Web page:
On October 27th, 2020, the Central Statistics Office (CSO) published the Survey on Income and Living Conditions, SILC, for 2019. SILC is a household survey that captures information on a range of income and social transfers.
Amongst the data produced by SILC are key national poverty indicators including the ‘at-risk-of- poverty’ rate; the deprivation rate; and the consistent poverty rate.
- The at-risk-of-poverty rate is defined as “the share of persons with an equivalised income below a given percentage (usually 60%) of the national median income”.
- The deprivation rate is defined as “Households that are excluded and marginalised from consuming goods and services which are considered the norm for other people in society, due to an inability to afford them”.
- The consistent poverty rate captures people “who are defined as being at risk of poverty and experiencing enforced deprivation (experiencing two or more types of deprivation)”.
At the national level at-risk-of- poverty rate declined from 14% in 2018 to 12.8% in 2019. While the deprivation rate increased from 15.1% in 2018 to 17.8% in 2019. The deprivation rate for people who are at-risk-of-poverty decreased by 2.4% over the year to 42.7%. The consistent poverty rate declined by 0.1% to 5.5% in 2019.
Principal Economic Status is amongst the figures the CSO breakdown the Survey of Income and Living Conditions into, which captures data on people who are at work, unemployed, a student, on home duties, retired, or not at work due to illness or disability.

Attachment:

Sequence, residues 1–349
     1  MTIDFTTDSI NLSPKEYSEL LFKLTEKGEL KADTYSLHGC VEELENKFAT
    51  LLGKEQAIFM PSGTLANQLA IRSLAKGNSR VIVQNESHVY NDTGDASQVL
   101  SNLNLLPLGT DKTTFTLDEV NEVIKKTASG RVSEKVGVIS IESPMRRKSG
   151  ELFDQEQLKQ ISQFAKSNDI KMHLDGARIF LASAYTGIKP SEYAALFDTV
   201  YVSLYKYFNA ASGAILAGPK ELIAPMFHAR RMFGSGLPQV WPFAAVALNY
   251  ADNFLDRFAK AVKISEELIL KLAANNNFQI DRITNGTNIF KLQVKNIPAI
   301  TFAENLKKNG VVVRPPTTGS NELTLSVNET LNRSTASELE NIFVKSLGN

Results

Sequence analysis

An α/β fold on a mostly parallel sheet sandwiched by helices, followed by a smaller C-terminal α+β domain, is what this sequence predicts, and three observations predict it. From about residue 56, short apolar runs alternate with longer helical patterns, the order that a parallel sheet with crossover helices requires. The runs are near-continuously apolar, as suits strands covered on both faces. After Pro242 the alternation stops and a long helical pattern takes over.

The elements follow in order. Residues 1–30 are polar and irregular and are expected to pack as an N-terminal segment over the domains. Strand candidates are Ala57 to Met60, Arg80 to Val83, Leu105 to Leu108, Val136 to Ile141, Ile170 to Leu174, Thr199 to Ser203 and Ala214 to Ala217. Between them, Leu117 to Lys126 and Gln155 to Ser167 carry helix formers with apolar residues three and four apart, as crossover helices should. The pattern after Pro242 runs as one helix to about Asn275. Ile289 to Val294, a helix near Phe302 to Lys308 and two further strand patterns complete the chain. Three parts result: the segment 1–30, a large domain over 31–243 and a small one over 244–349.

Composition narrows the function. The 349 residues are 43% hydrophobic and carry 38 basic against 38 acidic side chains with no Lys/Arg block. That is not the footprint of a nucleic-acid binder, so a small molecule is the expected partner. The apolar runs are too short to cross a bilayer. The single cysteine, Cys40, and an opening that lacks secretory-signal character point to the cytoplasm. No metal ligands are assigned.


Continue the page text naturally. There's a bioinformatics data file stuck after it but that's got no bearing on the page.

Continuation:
Even though the three indicators of at-risk-of- poverty; deprivation; and consistent poverty all improved over the year for people who are unemployed, they are still considerably higher than the national figures. In 2019, the at-risk-of-poverty rate for people who were unemployed was 35.4%, the only group with a higher rate was people who are not at work due to illness or disability, at 37.5%.
The deprivation rate for people who were unemployed was 36% in 2019. Two groups had a higher rate: again people not at work due to illness or disability at 43.3%; and people parenting alone with children aged less than 18 years, at 45.4%. The indicators for people who are parenting alone comes from the Household Composition breakdown of the SILC data, where one parent families’ rates of poverty are considerably higher than other households.
The consistent poverty rate for people who are unemployed was 20.2% in 2019, the highest rate across any of the detailed data. The CSO also produce information on the ‘number of persons at work in the household’. The poverty rates for households with no-one at work were considerably higher than other households with people at work. ‘Jobless’ households as they are sometimes called had an at-risk-of-poverty rate of 34.1%; a deprivation rate of 31.9%; and a consistent poverty rate of 17.3% in 2019.
To read the full survey please follow this link https://www.cso.ie/en/releasesandpublications/ep/p-silc/surveyonincomeandlivingconditionssilc2019/